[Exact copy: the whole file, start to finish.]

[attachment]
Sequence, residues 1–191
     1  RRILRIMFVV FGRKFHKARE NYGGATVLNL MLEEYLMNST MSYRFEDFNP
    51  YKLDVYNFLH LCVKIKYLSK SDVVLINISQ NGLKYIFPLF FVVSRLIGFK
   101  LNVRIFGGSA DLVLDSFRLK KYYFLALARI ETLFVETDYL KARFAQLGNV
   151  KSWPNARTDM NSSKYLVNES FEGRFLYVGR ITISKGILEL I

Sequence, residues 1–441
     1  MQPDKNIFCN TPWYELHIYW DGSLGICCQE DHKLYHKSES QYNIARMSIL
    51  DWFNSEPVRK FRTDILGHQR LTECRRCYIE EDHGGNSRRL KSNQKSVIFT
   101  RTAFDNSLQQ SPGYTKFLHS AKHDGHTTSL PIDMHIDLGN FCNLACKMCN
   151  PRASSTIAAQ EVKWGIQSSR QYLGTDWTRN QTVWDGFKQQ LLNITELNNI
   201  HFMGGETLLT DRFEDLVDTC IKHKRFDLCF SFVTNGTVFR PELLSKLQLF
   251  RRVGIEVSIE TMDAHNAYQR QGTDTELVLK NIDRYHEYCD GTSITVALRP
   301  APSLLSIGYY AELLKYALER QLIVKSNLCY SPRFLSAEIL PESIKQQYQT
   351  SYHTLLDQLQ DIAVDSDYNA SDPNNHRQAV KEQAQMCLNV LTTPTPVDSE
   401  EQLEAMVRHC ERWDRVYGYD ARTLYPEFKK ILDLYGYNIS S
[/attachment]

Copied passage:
Sequence, residues 1–191
     1  RRILRIMFVV FGRKFHKARE NYGGATVLNL MLEEYLMNST MSYRFEDFNP
    51  YKLDVYNFLH LCVKIKYLSK SDVVLINISQ NGLKYIFPLF FVVSRLIGFK
   101  LNVRIFGGSA DLVLDSFRLK KYYFLALARI ETLFVETDYL KARFAQLGNV
   151  KSWPNARTDM NSSKYLVNES FEGRFLYVGR ITISKGILEL I

Sequence, residues 1–441
     1  MQPDKNIFCN TPWYELHIYW DGSLGICCQE DHKLYHKSES QYNIARMSIL
    51  DWFNSEPVRK FRTDILGHQR LTECRRCYIE EDHGGNSRRL KSNQKSVIFT
   101  RTAFDNSLQQ SPGYTKFLHS AKHDGHTTSL PIDMHIDLGN FCNLACKMCN
   151  PRASSTIAAQ EVKWGIQSSR QYLGTDWTRN QTVWDGFKQQ LLNITELNNI
   201  HFMGGETLLT DRFEDLVDTC IKHKRFDLCF SFVTNGTVFR PELLSKLQLF
   251  RRVGIEVSIE TMDAHNAYQR QGTDTELVLK NIDRYHEYCD GTSITVALRP
   301  APSLLSIGYY AELLKYALER QLIVKSNLCY SPRFLSAEIL PESIKQQYQT
   351  SYHTLLDQLQ DIAVDSDYNA SDPNNHRQAV KEQAQMCLNV LTTPTPVDSE
   401  EQLEAMVRHC ERWDRVYGYD ARTLYPEFKK ILDLYGYNIS S